If you have ever wondered if you are barking up the wrong tree or if it is time to quit something but do not want to give up for fear of being seen to have failed, The Dip is a must-read for you. An impressive set of insights into when to quit and when to persevere. This is a significant consideration for individuals, as most organisations and societies count on people quitting.
“Extraordinary benefits also accrue to the tiny majority with the guts to quit early and refocus their efforts on something new.”
Big Message/ Key Quotes:
- Quit the wrong stuff. Stick with the right stuff. Have the guts to do one or the other, and you really cannot try to do everything, especially if you intend to be the best in the world. The desire to do everything means you will spread yourself very thin, which means nothing will get the priority it needs. Focus on becoming the thing that makes you “the best in the world at it”. Roger Federer, Rafael Nadal, Novak Djokovic, and Andy Murray all focus on playing tennis and strive to be world number 1, they do not do a hundred other forms of sport or activity and dedicate all energies to the thing they want to achieve the most
- Zipf’s law: Winners win big because the marketplace loves a winner. This applies to every facet of life, from getting into universities, landing key roles, writing a hit song. When it comes to looking at any form of ranking from music, films and flavours of ice cream, there is always an out-right winner, aka a short-head, and a long tail of everything else
- Why does number 1 matter – people are time-poor, and if your well-being is on the line, you will truncate a search process for finding someone that can help and go straight to the best in the field. In her recent book Banking on It, Anne Boden explains when she decided to start up Starling bank, she went to KPMG, as most from the industry will know they are the best at supporting organisations in acquiring their banking licence. Anne didn’t go to the “average” firm that could help her, and she relied on the number 1 in the market to help get her bank started
- The mass market is dying. There is no longer one best song or one best kind of coffee. Now there are a million micromarkets, but each micromarket still has a best. If your micromarket is “organic markets in Tulsa,” then that’s your world. And being the best in that world is the place to be. The key to deciding how you play in the market, as the world is getting larger and more comfortable to access, means variety grows exponentially for consumers. At the same time, the world is getting smaller because the categories are getting more specialised. I can now find the best gluten-free bialys available by overnight shipping. So while it’s more important than ever to be the best in the world, it’s also easier—if you pick the right thing and do it all the way. More places to win and the stakes are higher, too.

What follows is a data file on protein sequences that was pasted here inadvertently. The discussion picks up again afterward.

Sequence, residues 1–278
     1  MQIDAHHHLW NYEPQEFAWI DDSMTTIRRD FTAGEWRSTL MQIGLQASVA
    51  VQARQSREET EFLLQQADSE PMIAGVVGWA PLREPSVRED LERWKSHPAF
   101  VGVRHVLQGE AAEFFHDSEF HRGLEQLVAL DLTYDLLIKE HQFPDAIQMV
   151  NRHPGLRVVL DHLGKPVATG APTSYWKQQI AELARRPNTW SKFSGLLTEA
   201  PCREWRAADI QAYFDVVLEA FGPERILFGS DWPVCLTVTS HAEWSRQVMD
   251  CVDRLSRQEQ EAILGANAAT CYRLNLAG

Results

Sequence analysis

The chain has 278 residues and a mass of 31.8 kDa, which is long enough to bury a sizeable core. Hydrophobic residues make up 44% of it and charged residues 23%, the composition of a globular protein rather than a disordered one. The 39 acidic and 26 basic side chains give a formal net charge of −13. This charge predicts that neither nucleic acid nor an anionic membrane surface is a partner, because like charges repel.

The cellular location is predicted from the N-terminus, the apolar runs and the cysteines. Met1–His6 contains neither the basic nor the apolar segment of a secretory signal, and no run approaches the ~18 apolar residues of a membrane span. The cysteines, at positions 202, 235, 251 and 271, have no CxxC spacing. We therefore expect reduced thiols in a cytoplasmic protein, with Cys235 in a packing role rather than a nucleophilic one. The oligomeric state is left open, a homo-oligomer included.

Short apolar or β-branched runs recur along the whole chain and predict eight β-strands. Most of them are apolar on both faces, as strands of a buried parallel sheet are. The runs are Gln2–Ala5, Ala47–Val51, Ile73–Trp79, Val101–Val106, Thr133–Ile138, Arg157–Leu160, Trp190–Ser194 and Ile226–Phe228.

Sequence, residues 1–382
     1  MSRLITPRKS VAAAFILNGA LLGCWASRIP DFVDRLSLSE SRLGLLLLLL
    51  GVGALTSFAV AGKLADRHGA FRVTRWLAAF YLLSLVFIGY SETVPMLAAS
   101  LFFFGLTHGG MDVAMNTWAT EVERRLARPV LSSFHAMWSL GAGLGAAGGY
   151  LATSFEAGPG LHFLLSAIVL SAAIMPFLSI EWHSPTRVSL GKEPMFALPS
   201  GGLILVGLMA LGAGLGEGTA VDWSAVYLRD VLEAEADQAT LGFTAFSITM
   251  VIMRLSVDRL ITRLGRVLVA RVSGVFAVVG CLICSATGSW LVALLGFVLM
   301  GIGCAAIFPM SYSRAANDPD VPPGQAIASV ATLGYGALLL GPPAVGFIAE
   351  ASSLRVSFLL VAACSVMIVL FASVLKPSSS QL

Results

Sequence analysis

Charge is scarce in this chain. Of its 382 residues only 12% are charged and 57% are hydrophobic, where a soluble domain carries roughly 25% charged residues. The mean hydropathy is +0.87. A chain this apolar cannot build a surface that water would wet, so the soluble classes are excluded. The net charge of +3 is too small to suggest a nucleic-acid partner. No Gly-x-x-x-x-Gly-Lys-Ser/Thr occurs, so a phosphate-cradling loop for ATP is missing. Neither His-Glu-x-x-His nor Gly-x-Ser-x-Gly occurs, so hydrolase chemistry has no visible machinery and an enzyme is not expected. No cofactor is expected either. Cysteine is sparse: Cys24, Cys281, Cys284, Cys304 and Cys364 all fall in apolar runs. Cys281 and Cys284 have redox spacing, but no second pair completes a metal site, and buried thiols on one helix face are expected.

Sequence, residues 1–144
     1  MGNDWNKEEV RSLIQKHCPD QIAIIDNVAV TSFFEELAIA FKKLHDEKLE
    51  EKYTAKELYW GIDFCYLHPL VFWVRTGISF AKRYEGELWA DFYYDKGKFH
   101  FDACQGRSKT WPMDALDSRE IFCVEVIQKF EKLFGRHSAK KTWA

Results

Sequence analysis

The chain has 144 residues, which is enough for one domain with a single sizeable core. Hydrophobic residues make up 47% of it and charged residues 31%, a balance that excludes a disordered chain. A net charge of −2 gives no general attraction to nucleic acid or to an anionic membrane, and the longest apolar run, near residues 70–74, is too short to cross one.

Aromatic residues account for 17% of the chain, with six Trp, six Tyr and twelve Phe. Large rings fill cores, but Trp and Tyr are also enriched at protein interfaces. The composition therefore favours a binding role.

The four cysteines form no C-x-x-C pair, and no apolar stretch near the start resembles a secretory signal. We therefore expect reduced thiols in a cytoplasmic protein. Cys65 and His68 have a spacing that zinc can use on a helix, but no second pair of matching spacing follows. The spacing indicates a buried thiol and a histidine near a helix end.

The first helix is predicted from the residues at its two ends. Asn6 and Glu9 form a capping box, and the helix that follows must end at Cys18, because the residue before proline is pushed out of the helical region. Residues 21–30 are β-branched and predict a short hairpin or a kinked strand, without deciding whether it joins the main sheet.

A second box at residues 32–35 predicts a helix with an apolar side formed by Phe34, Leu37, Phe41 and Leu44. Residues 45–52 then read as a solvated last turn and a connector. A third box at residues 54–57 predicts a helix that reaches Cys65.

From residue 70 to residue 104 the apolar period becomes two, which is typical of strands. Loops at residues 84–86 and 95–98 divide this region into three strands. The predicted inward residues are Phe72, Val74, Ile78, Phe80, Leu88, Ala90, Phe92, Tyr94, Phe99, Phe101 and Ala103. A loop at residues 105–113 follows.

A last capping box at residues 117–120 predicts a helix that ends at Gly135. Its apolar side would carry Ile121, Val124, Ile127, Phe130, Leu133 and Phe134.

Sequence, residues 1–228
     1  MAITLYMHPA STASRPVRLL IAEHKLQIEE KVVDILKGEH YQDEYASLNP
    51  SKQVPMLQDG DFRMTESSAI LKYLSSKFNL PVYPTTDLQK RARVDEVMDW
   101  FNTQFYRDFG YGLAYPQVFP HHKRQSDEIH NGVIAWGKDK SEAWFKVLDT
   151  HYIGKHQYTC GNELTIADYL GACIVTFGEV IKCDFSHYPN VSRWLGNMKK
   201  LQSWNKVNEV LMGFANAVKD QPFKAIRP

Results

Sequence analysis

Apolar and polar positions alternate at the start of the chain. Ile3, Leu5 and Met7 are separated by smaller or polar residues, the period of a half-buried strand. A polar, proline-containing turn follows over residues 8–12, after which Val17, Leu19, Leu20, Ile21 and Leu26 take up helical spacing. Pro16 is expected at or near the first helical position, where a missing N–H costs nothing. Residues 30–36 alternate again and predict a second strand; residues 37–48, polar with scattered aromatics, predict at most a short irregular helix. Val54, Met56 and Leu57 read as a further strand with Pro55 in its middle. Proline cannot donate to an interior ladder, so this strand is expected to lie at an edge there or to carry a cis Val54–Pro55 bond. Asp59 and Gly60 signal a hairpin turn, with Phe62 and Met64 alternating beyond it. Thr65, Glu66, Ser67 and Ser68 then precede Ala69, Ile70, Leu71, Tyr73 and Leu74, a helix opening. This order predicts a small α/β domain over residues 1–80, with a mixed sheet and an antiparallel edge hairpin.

- The Magic of Thinking Quit – The Don’t Quit mantra is the one that is most typically wheeled out when the going gets tough. We are taught to persevere, and good results will follow. But if that is true, then why do less talented people than yourself get promoted? And why do companies less progressive than yours win market share? Strategic quitting is the secret of successful organisations. Reactive quitting and serial quitting are the bane of those that strive (and fail) to get what they want.
- Almost everything in life worth doing is controlled by the Dip – The Dip is that period between starting something and getting good at that thing, i.e. mastering it. The Dip manifests in several different ways; the fun of quickly succeeding at a beginner qualification, versus the slog to passing exams to become an expert, the gap between luck and accomplishment. 2 curves come into play when you are trying to achieve a goal, or become an expert in something. Curve 1: The Dip and Curve 2: The Cul-de-Sac
- Curve 1: The Dip – It’s easy to be a CEO. What’s hard is getting there. There’s a huge Dip along the way. If it was easy, there’d be too many people vying for the job and the CEOs couldn’t get paid as much, could they? Scarcity, as we’ve seen, is the secret to value. If there wasn’t a Dip, there’d be no scarcity. With curve 1 if you are in a Dip, stick to it. It will come right in the long run. The key here is that things should be getting noticeably better over time, unlike the Cul-de-Sac Curve